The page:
Each year, the U.S. government awards hundreds of billions of dollars in federal contracts to businesses to meet the needs of federal agencies and the military.  Because of their scope, these federal contracts can be very important to the businesses that win them.  But these often-coveted contracts come with a lot of strings.

Contractors must meet strict qualifications to bid on a federal government contract. These qualifications vary depending on the particular contract. Once a bid is awarded, the contractor must continue to adhere to the government’s rules and requirements or risk losing the contract. 

The U.S. Department of Labor’s Office of Federal Contract Compliance Programs (OFCCP) enforces compliance with the affirmative action requirements imposed on federal contractors. If a business has a federal contract, subcontract, or federally assisted construction contract, it may be subject to some or all of the affirmative action requirements OFCCP enforces. In general, any business that does the following must comply with one or more of the requirements OFCCP enforces:

  • Holds a single federal contract, subcontract or federally assisted construction contract in excess of $10,000;

  • Has federal contracts or subcontracts with a combined total in excess of $10,000 in any 12-month period; or

  • Holds government bills of lading, serves as a depository of federal funds or is an issuing and paying agent for U.S. savings bonds and notes in any amount.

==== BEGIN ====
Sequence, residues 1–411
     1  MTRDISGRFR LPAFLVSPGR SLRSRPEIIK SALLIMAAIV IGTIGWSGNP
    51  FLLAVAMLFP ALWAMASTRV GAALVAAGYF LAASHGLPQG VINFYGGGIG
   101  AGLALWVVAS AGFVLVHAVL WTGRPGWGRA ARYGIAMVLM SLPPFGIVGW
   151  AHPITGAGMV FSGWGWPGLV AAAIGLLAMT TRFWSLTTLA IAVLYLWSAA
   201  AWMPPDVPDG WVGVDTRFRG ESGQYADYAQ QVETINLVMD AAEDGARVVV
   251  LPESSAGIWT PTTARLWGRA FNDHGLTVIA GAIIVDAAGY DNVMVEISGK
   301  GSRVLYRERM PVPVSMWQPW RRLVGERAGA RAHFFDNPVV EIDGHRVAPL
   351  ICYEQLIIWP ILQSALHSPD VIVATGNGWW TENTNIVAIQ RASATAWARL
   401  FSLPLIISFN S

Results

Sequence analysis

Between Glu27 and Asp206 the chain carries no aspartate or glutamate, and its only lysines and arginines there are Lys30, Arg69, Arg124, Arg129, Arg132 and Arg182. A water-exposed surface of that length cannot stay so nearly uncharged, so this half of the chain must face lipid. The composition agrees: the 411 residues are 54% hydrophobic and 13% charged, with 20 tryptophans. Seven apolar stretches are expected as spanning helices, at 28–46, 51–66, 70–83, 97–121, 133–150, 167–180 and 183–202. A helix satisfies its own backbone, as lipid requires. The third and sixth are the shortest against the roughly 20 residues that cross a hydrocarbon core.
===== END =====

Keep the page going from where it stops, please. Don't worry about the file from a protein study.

Failure to comply with OFCCP’s requirements may subject a federal contractor or subcontractor to an audit and/or an OFCCP-imposed penalty or remedy.

A few years ago, to help contractors improve their understanding of their equal employment opportunity obligations, OFCCP released a 2017 Action Plan. More recently, OFCCP released its 2019 Town Hall Action Plan. The 2019 plan identifies six action items and recommendations to enhance compliance assistance between OFCCP and contractors:

  1. Updating and developing new resources to assist contractors in conducting outreach to diverse talent pools;

  2. Providing more compliance assistance and resources for contractors to develop effective affirmative action programs and allowing for more dialogue between OFCCP and contractors during compliance evaluations;

  3. Enhancing avenues for collaboration between contractors;

  4. Enhancing resources for protected veterans and their spouses, family, and other associates;

  5. Enhancing resources to increase the effectiveness of the Indian and Native American Employment Rights Program; and

  6. Enhancing resources for disability inclusion.

As these action items and recommendations will undoubtedly be a focus of OFCCP going forward, contractors—and would-be contractors—should be aware of them and utilize OFCCP’s tools in their work, including the 2017 plan and the 2019 plan. Awareness of these action items and recommendations will help ensure that businesses will continue to be eligible to receive future federal contracts.